I know the plastic poles are better than nothing, and it is great to finally not have to ride in the gutter on 3rd ave.
Im hoping the city as a whole shifts to making roads safe vs special projects. It seems when a project is labled just for pedestrians or just for Cyclist, it makes drivers angry. Suddenly they feel they are victems and are forced to pay for everything. It’s sorta funny. I like the design of the protected bike pictured in this article. The paint we use just does not seem to alert a driver that they have invaded your lane.
There is currently very little (if any) funding for stand-alone “pedestrian projects”, and the results (or lack thereof) are evident. Such projects are generally done when pavement conditions of a roadway warrant replacement- every 50-60 years. Dangerous locations for pedestrians like 43rd & Nicollet therefore will not get addressed for decades because this street was reconstructed within the last 10 years. So, funding for stand-alone pedestrian projects is sorely needed and it seems like a bad idea to argue against it on this forum.
The results from a decade of “bike projects” in Minneapolis is amazing with the numbers of bicyclists increasing, safety improving, and a default understanding by public officials that bike infrastructure is expected during reconstruction projects. There are so many dangerous and uncomfortable places for bicyclists and pedestrians that remain, and we should welcome and encourage additional funding to improve them.
I also point out that there is a lot you can do with paint, bollards, plastic pots and those bolt down curbs like you see in parking lots that stops you from hitting the sidewalk in front of the door. Many roads are say 4 lanes of 3.7 metre lanes (I know you guys use feet, but I was raised without the imperial system and I know dimensions better in metres), total is 14.6 metres. Provide two lanes of 3 metres each, a common dimension for safer streets. 8.6 remaining. Subtract 2.5 metres for each direction of a cycle track, 5 total. Add a 1.9 metre wide parking lane on one side of the road. Have 80 cm of a painted with those flex bollards as a door zone between the cycle track and the parking. And 1 metre of a buffer, again with flex bollards and potted plants, that finally provides the cycle track on the other side of the street. It would look like this:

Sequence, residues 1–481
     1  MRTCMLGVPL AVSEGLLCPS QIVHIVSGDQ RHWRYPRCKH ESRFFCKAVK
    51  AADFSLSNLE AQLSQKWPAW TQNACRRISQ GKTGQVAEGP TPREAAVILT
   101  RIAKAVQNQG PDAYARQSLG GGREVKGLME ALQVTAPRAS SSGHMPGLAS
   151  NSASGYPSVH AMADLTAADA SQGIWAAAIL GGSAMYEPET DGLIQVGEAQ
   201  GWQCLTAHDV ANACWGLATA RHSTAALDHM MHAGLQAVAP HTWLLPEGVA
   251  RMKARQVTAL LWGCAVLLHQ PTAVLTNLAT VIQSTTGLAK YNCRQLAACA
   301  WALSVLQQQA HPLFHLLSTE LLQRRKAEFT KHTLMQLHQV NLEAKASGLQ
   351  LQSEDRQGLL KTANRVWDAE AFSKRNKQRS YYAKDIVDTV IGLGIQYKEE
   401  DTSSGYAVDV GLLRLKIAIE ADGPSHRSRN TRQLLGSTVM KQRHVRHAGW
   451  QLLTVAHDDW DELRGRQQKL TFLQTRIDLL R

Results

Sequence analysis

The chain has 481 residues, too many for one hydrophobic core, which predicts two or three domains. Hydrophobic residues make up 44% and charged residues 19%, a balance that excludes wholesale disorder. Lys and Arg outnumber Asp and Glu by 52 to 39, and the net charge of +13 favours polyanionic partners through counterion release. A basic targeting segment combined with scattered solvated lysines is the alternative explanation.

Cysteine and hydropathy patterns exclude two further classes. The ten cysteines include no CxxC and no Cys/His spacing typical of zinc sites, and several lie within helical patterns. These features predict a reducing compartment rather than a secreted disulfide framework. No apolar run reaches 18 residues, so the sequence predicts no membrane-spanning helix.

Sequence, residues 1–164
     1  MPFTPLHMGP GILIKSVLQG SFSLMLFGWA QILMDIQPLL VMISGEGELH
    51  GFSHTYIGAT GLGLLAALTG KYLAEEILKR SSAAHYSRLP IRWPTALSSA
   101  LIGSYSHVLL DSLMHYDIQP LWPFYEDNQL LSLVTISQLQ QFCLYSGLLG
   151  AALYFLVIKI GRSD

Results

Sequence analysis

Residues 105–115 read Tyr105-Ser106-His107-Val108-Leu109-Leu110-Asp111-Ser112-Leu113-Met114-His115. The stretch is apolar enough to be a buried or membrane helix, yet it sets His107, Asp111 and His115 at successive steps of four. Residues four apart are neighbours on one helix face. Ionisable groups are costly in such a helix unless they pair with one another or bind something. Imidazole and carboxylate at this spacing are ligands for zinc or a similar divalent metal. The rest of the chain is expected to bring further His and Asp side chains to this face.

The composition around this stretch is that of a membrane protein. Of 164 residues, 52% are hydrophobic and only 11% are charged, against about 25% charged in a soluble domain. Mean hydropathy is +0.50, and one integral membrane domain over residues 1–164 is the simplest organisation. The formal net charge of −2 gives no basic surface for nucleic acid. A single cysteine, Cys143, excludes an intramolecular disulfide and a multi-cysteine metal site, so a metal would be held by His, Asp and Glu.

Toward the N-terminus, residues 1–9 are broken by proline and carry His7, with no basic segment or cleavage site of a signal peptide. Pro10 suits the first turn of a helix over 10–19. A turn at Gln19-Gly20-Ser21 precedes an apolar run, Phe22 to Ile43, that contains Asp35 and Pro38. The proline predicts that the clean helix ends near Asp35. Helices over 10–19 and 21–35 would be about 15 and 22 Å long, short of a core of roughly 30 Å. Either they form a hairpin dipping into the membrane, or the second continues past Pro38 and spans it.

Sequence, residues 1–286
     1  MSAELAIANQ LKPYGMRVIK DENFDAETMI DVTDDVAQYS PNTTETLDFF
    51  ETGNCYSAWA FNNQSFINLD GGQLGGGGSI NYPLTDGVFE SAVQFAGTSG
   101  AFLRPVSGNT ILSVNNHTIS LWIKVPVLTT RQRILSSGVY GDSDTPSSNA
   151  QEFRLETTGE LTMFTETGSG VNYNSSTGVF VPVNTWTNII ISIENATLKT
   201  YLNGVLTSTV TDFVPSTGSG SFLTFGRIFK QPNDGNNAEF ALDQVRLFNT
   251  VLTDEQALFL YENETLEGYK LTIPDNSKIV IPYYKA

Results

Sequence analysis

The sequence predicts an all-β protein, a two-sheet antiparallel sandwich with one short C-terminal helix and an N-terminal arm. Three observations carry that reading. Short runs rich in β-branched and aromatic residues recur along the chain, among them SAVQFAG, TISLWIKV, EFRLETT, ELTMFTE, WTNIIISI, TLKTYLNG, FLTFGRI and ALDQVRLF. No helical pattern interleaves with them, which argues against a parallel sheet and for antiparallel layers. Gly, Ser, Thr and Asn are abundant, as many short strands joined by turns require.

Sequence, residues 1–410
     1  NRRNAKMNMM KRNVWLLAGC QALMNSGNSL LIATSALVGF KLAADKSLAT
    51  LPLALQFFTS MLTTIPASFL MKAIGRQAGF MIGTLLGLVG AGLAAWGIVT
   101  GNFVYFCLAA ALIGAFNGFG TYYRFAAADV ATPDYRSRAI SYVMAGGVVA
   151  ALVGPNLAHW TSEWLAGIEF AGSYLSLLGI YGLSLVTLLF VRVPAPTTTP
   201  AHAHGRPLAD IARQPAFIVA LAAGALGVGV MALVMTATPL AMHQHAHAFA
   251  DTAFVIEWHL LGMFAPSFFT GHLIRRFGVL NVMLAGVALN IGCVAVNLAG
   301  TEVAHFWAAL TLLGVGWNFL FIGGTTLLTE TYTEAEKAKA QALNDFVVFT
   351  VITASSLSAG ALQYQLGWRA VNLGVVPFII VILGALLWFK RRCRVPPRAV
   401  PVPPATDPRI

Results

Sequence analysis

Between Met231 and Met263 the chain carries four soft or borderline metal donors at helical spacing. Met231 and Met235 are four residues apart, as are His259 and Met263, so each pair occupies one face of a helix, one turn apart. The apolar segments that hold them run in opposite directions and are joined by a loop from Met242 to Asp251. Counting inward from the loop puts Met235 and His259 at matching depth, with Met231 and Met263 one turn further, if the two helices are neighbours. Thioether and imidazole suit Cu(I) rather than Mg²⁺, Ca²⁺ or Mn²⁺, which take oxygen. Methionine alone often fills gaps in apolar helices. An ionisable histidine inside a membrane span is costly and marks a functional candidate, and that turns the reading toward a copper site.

Protected intersections as described by Nick Falbo can be built with those temporary curbs, paint and bicycle specific signals on existing posts.
And you can do a bunch of similar things to make it nicer for side streets as well. Impose a 30 km/h zonal speed limit system on residential streets and where cycle tracks nor bike lanes on roads where the space between the bike lanes is less than 5.6 metres. Assuming you have a 9 metre wide road including parking, convert that parking to angled parking on one side of the street leaving about 4.5 metres left, and then alternate the side of the street that parking is on about every 75 metres or so. Add raised crosswalks every so often, remove control over right of way, forcing road users to look around to check for traffic before proceeding at every side street, and use those paint and potted plants or plastic curbs to add curb extensions to reduce the crossing distance to just 4.5 metres. On roads between 4.5 and 6.5 metres, add dashed lines to divide the road up roughly into thirds, and when that is wider than 5.25 metres, make them official bike lanes. Add in volume calming like right in right outs, bollards like this:
to force traffic to take turns, diagonal diverters, to reduce volume.
That can provide a whole network within something like 2 years. You can then tackle the permanent designs over maybe 10 years then.